The college experience is all fun and games, right?
Maybe not, but one particular game has played a unique role in a Gettysburg College student's higher education experience. With support from the Andrew W. Mellon Foundation, Steven Hnath '12 spent the summer preparing a computational research analysis on the dice game Dudo.
Dudo is a centuries-old Inca bluffing game. Played by two or more people in rounds, each player guesses how many dice, hidden under cups, show a certain number. The player who loses a round must forfeit one or more dice, and the last player to retain dice is the winner. Characters played a simplified version of this game in the film "Pirates of the Caribbean: Dead Man's Chest."
Hnath, a mathematics and theatre arts double major minoring in computer science, collaborated with Prof. Todd Neller to complete the analysis. Neller is Chair of the computer science department and has extensively researched and studied game design and analysis.
Hnath and Neller submitted their research results to the International Computer Games Association, and their work was selected from a competitive group of applicants to be published in the 2012 edition of "Computers and Games." They were also invited to speak at the 13th Advances in Computer Games Conference at Tilburg University in the Netherlands. "I enjoy mentoring students and finding opportunities for them to research, publish, and present their work," said Neller. "I see this as part of my role as a professor."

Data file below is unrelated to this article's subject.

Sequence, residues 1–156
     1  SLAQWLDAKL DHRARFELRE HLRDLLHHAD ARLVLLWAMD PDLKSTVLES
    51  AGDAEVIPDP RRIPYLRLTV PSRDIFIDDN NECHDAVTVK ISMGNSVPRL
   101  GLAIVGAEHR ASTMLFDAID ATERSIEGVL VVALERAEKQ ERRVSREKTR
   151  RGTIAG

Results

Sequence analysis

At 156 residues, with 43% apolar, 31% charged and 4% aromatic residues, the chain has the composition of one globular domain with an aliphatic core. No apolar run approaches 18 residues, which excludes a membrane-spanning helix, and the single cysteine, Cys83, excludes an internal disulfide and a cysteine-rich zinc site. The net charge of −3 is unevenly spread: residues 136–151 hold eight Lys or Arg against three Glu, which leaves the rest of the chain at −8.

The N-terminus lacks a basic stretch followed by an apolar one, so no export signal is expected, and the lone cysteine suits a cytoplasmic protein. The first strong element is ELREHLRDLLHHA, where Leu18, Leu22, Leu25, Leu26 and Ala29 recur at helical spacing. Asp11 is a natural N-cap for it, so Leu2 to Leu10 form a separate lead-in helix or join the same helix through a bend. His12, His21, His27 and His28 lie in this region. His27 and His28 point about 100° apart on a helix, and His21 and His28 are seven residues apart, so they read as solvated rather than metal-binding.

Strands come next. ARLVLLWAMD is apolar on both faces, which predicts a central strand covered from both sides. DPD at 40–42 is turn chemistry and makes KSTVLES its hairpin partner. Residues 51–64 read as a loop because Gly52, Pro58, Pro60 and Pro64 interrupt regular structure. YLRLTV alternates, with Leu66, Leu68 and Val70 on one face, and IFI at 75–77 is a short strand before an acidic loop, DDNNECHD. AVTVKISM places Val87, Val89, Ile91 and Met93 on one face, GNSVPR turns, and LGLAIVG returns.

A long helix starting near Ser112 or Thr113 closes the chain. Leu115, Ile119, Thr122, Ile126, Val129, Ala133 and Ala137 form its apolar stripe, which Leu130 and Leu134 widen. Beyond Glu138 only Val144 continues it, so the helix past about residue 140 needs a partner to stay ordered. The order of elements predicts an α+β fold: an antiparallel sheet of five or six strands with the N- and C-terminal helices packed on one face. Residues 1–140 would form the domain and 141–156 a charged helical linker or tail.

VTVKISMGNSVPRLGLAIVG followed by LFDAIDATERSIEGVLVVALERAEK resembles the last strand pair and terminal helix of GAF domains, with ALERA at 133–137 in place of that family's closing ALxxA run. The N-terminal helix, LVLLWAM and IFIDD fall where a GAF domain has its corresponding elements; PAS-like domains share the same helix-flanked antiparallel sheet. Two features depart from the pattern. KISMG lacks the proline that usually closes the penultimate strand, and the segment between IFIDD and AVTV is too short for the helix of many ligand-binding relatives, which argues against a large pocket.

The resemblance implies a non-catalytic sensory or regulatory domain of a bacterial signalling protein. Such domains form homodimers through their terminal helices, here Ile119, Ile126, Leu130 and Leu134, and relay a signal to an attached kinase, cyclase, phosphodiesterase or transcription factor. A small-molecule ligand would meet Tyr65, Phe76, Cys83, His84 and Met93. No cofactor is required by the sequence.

During their co-presentation, the pair demonstrated how a modification to Counterfactual Regret Minimization (CFR), through imperfect recall of actions, reduces the number of information set updates from exponential to linear time. This modification allowed Hnath and Neller to complete the first full-game approximation of optimal play for Dudo.
"My favorite part of this entire experience was seeing my research through to fruition. The presentation process showed me how to create and share academic material at the highest level," said Hnath, who plans to attend graduate school.
Founded in 1832, Gettysburg College is a highly selective four-year residential college of liberal arts and sciences with a strong academic tradition. Alumni include Rhodes Scholars, a Nobel laureate, and other distinguished scholars. The college enrolls 2,600 undergraduate students and is located on a 200-acre campus adjacent to the Gettysburg National Military Park in Pennsylvania.
Contact: Tracey Dukert, assistant director of news content, 717.337.6521